If you are someone who likes to stay active and this year you want to give winter sports a try, the first and foremost thing to consider is proper equipment. That being said, finding the right snow boots is paramount as it can make or break your experience on the slopes. Snow boots are not like the usual type of winter boots, they are made to protect your feet from the harsh conditions present on the slopes. There are a few aspects that can impact whether you are making the right choice for you.
The most common materials you can find in snowboots are leather, suede, nylon and polyester which are almost always going to be combined with rubber or some kind of rubber. Nylon is a very tough material but also a highly elastic one, whilst being easy to clean and very durable since it is water and stain resistant but it fades easily and it has a shiny appearance. Polyester is very much like nylon with the added benefit of being able to retain its colour very well when faced against the sun, but it is not very good at keeping stains from oils.
Leather makes the boot durable and comfortable since it is easily stretched to fit your feet, but it loses on breathability and needs extra effort to maintain. Like leather, suede also adapts easily to your feet and it is a pain to keep them in good shape, but when combined with suede fur they make for extremely insulative boots. If you are going to a place where it is very cold, make sure you get a pair with the corresponding thermal rating.
Keeping your feet dry is part of every footwear but snow boots are next level in this lane as most of them are fully waterproof since they combine a rubber sole with either a polyester or nylon upper. However, wearing fully waterproof boots means that your feet are likely to get a bit sweaty since the air inside cannot escape the boots. While this is the case with most snow boots, some come with a waterproof membrane which makes them breathable too, but remember that these are more likely to get wet the more you expose them to water.
Every type of snow boots features rubber as it provides good traction and allows you to move safely on an icy surface. Snow boots come with grooved threads on the sole which improve grip and prevent you from slipping. If you don’t think the sole of your boot is good enough you can always add snow grips which wrap around the sole. Snow boots usually lace up all the way to the top and come with extra padding around the foot in order to provide support. This also helps when walking on ice as it provides support throughout the full length of your foot.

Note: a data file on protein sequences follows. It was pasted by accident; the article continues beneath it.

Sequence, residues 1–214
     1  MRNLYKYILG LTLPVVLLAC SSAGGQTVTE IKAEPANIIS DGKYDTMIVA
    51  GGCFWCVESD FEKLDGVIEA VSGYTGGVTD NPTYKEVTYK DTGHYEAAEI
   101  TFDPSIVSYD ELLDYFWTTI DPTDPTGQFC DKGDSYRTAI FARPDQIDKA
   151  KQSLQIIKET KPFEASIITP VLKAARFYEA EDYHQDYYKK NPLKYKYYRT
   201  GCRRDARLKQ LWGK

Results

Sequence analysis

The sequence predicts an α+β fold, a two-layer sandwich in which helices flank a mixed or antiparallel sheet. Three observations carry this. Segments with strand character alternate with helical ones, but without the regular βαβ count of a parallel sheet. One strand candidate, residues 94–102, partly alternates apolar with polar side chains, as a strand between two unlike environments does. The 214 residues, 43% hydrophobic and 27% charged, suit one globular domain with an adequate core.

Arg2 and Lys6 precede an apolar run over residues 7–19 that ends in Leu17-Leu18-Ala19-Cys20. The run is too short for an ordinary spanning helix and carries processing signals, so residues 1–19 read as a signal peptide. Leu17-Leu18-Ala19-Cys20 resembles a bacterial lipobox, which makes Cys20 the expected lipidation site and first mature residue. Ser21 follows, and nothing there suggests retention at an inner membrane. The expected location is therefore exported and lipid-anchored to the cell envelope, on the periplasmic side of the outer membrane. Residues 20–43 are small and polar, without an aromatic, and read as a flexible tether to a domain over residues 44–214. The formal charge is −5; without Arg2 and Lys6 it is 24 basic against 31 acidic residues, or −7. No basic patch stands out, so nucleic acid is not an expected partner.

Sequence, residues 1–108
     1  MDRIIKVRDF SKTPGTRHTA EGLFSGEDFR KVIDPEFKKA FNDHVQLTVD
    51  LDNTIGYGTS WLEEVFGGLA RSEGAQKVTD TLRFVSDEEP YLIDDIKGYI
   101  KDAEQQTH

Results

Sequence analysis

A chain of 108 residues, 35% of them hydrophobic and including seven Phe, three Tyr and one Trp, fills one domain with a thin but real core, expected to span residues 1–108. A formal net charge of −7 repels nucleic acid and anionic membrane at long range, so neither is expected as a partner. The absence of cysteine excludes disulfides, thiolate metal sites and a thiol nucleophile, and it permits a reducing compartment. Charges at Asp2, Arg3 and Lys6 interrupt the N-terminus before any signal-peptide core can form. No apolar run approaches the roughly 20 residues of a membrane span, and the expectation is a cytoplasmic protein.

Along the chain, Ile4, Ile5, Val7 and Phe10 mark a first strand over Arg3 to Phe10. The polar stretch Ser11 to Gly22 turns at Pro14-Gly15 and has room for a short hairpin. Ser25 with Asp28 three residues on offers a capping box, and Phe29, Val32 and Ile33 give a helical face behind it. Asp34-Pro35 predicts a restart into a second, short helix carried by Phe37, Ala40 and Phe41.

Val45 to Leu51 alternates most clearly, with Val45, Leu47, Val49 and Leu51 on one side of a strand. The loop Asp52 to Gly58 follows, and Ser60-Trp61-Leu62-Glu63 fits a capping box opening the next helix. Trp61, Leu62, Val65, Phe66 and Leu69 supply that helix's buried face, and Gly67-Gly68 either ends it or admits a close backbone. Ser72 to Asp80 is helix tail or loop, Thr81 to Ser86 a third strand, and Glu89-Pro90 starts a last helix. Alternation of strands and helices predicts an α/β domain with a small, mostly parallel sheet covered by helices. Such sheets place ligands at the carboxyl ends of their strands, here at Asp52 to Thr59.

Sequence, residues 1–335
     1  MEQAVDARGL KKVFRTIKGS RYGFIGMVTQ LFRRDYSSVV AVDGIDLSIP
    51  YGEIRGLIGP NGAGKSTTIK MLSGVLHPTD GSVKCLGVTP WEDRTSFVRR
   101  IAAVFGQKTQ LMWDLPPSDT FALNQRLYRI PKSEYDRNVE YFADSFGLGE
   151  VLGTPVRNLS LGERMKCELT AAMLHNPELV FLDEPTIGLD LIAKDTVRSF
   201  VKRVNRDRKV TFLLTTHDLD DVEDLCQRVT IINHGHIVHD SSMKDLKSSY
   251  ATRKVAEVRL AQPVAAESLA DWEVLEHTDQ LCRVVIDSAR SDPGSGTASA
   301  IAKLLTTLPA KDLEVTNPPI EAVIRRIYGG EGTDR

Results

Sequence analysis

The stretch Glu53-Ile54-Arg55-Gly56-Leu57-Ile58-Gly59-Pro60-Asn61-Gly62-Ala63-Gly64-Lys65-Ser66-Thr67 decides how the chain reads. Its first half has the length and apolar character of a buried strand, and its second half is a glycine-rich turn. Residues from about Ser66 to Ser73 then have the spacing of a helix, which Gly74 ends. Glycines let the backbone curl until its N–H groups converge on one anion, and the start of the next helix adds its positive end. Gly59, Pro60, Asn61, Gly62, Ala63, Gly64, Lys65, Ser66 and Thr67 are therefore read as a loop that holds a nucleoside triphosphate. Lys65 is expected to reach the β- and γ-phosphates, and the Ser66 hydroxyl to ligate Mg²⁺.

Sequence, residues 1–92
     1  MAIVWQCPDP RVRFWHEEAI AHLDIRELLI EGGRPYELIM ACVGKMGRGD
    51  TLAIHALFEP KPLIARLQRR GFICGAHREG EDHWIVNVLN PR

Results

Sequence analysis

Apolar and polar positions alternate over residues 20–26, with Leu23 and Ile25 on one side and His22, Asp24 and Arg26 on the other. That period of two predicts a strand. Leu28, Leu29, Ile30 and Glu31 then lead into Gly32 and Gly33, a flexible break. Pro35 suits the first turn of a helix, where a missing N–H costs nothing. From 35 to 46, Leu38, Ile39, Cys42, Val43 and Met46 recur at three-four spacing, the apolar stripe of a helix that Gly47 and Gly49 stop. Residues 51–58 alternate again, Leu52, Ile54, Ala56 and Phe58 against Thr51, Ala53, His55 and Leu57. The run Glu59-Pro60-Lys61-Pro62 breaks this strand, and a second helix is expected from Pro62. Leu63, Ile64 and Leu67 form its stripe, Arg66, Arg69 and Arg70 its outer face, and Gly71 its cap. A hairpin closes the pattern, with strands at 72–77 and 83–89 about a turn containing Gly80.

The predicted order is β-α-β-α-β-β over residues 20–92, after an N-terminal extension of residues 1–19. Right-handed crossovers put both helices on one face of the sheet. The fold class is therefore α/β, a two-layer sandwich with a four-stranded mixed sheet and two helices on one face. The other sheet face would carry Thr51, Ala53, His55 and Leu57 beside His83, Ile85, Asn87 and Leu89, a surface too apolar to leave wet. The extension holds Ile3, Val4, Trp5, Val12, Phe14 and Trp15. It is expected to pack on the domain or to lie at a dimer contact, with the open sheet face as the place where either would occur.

Finding the Right Size
The shape of both your feet and the boots can help you find a pair that is comfortable and has a snug fit. For example, if you have wide feet it is recommended to avoid snow boots that have a seam at the widest part of the foot. If you have a high instep go with shoes that have a zipper placed on the front, part of the heel or on the side of the boot.
Remember if you are buying boots in the summer your feet will be swollen and larger, this means that you’ll need to measure them. The same goes for the length of your feet and knowing the exact measurements goes a long way in finding the most fitting snowboots. This way you can compare the size of your feet to the manufacturer’s size chart – if you have half-sized feet look for it on the chart as some manufacturers may have it.
Here’s how you’ll measure your feet:
1. First make sure you have an A4 piece of paper, a ruler and a pen.
2. Put your foot on the paper
3. Put a dot where your heel ends and one where your longest toe ends
4. Measure the distance between the two dots
No matter how durable, if they are going to be used frequently, you will need to look after your snow boots well. When it comes to cleaning the outside of the boots, first you need to fill up a bowl with warm water and dampen a clean sponge in it. Then wipe off the dirt on the uppers of the boot – use a footwear brush for stains and tougher dirt. Rinse the sponge and clean the dirt off the sole. Once you are done, leave the boots to air dry, don’t put them near a heat source or tumble dry them. Leaving them to dry near a heat source can damage the glue that holds the soles together. Unless your snowboots are of a lighter colour, you can stuff them with newspaper to help draw out the moisture. Otherwise, you’ll transfer the printout on your boot.
You can re-proof your boots with a waterproofing spray – spray the boots evenly and let them dry out naturally. Keep salt stains from your boots by using white vinegar and water. Mix one part water with two parts vinegar and scrub your boots until the white rings disappear. Dry leather may not be the end of your boots but it is certainly not a good sign either so it’s best that you apply a leather conditioner especially after the vinegar bath. This will restore the initial sheen of your boots. Baking soda can be used to remove scuffs too. This is done by dipping a soft cloth in water and then in baking soda, just be gentle when rubbing the cloth on the boots. If you have rubber boots use scouring powder and make sure to wipe the boots off afterwards with a damp cloth and buff dry them.
Make sure you wear breathable socks especially if you are someone who sweats a lot. Don’t stay in your boots longer than you have to, remove them as soon as you get home from a walk. – why Over time insoles will get compressed and pile up a lot of bacteria, replacing them will make your boots smell like new. When you are done using your boots for the day leave them to air dry, again don’t try to speed up the process with a heater as it can make them smell worse.
If your boots already have a bad odour you can put a little bit of talcum powder in each and let it sit overnight. You can do the same with baking soda but after you pour it out, put a few drops of essential oils to give them a fresh new smell.